Everything was working great when I started some regression tests and discovered that when the user is in the Login Fragment and pressing back he gets to the underlying Activity which is not that great. I played with various options like android:noHistory but nothing was working. I decided to take a look at the modules which I had imported in the app and see something in the source code which could point me in the right direction. I was looking at the code but didn’t find anything wrong or anything that I could add that would help me. Until I decided to read these big green comments on top of the classes. It hit me, the guys at Parse knew that something like these would happen and wrote a explanation how to prevent something like this and how to implement this. In my opinion it should have been on the original blog post. I wasted hours doing something that was already there, so I just had to implement the below code in my entry point of the application.

Activity that starts ParseLoginActivity if the user is not logged in. Otherwise, it starts the subclass-defined target activity.
To use this, you should extend ParseLoginDispatchActivity and have in the class:

@Override protected Class getTargetClass() { return MainActivity.class; }

This would return the class of the target activity that should be launched after login succeeds. If the user cancels the login, your app will go back to whatever activity it was on before your subclass dispatch activity was launched, or exit the app if your subclass is the first activity in your app’s backstack.
You can think of your subclass as a gate keeper for any activities that require a logged-in user to function. You should have one gate keeper per entry path into your app (e.g. launching the app, or entering through push notifications). When your app launches or receives a push notification, you should specify that your gate keeper activity be launched (and the gate keeper will redirect to your target activity upon successful login).

public class LoginActivity extends ParseLoginDispatchActivity {
@Override protected Class> getTargetClass() {
return MainActivity.class; } }

After getting the Login process sorted out, I decided to get some objects into the app, one good candidate was the User.class to encapsulate the data of the user table. I wrote the POJO that would handle the currentUser object and it was working fine, but something wasn’t right. I though the User from parse had already methods implemented so why not extending it. It was not working, so I Googled around but didn’t find any good answer so I decided just to get it in the constructor and doing something like this:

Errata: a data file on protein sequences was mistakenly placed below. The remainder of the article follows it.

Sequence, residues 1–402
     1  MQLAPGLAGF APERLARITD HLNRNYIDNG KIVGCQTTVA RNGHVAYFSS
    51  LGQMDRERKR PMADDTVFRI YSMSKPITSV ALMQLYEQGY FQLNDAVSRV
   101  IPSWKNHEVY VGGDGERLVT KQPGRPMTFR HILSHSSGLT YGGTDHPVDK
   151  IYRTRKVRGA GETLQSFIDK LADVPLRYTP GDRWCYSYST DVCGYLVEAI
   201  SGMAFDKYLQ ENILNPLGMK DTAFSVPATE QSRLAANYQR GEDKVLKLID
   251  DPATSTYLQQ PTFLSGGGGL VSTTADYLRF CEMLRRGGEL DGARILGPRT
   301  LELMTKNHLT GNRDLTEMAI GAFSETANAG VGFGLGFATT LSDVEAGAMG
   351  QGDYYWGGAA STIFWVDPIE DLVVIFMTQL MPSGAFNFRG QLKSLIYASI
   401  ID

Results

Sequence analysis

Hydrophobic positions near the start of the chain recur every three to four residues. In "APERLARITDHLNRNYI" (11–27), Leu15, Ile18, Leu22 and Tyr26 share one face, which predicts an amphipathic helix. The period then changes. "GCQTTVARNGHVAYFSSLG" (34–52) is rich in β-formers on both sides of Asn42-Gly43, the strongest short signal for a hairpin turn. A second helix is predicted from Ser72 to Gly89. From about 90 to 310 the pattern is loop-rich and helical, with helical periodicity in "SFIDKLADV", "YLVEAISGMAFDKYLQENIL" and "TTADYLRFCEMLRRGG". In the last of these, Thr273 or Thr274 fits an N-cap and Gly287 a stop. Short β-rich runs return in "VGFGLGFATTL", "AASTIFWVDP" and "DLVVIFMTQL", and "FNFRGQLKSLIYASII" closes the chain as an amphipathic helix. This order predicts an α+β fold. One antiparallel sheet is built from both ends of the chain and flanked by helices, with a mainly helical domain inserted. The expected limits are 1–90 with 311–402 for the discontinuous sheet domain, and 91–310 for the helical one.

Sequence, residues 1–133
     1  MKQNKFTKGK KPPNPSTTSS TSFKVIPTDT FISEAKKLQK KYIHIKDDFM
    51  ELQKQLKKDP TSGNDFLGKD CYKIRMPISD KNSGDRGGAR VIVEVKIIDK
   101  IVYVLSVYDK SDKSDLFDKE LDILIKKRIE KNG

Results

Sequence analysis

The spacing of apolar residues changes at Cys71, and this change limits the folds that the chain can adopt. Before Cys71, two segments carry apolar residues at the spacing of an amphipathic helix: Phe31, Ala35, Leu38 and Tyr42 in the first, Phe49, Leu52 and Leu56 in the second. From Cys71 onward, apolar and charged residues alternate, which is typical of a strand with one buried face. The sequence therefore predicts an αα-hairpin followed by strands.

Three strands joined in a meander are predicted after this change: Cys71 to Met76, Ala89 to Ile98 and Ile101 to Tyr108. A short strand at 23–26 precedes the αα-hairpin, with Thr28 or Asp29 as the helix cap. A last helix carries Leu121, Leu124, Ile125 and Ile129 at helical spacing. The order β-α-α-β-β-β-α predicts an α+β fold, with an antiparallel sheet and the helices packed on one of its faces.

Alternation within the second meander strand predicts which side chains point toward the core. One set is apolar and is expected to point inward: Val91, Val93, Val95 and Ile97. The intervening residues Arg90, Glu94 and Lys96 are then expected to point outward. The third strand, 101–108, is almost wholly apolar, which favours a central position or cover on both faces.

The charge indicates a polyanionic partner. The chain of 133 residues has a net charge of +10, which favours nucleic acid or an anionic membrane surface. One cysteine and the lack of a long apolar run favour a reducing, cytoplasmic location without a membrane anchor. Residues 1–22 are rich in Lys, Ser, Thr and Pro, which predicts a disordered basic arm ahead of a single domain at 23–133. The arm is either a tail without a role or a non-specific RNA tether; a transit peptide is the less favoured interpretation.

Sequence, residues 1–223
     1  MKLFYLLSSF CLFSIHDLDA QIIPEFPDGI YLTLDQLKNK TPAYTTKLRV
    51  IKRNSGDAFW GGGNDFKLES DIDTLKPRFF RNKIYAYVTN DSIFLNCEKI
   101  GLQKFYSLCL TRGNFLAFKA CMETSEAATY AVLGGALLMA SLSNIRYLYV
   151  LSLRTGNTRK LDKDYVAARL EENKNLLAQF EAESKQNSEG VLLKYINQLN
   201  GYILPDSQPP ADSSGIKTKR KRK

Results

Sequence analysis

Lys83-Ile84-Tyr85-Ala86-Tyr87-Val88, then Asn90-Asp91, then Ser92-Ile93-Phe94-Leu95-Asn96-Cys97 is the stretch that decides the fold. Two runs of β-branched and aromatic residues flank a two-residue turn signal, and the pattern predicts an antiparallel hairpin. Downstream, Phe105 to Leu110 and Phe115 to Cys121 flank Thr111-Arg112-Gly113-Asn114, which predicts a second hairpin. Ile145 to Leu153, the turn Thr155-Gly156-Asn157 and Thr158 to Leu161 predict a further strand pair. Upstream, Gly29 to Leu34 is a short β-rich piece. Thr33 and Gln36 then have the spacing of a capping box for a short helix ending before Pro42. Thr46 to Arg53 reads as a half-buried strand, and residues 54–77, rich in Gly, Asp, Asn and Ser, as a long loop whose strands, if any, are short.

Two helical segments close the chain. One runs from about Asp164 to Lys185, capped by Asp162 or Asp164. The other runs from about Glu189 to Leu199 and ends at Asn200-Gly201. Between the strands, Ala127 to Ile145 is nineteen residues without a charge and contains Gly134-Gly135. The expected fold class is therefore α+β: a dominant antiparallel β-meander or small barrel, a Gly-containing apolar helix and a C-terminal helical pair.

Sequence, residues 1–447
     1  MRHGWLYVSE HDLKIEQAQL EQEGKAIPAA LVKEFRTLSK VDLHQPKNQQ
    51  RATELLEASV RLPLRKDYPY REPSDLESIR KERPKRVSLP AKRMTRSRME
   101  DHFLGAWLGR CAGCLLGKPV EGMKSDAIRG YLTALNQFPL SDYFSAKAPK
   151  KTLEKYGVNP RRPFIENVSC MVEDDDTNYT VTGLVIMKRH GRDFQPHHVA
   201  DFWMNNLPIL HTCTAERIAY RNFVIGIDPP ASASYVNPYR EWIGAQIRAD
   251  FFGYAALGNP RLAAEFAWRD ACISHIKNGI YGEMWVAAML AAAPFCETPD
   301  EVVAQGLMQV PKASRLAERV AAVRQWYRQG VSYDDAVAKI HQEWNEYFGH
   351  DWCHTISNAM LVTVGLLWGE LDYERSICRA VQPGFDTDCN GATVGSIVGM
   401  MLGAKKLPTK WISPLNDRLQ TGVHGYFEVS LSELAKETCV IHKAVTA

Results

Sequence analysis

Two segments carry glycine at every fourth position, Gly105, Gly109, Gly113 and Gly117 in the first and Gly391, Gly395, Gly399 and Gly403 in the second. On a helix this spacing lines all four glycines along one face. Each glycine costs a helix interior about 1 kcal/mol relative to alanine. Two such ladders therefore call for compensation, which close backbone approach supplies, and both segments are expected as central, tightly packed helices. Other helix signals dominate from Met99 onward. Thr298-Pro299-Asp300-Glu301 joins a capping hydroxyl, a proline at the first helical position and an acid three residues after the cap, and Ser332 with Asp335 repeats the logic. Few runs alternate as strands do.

user.ParseUser.getCurrentUser();

But I wasn’t happy with this, so I started digging again on google just to find out that you can extend the User class and you should just annotate it.
@ParseClassName("_User")

It wasn’t working again, frustrated I looked at the issues. It was a bug, somebody fixed it and luckily it was one line of code that had to be changed finally everything was working great again.

Next challenge was to get the profile pics of the user that are logging in through social media. Gladly there was ParseHelpers available that could get the URL of the public profile picture of the user and feed it to an async task to load it into the cloud. Somebody would ask why not use picasso or any other image library out there. The answer is simple, everything will be on the Parse back-end, and parse provides async methods to download the data except the initial pictures.

Wrapping up the first part, the login and signup is working and getting some default pictures for the user is also working. Next on the list is getting a map in there, take some photos and upload theme.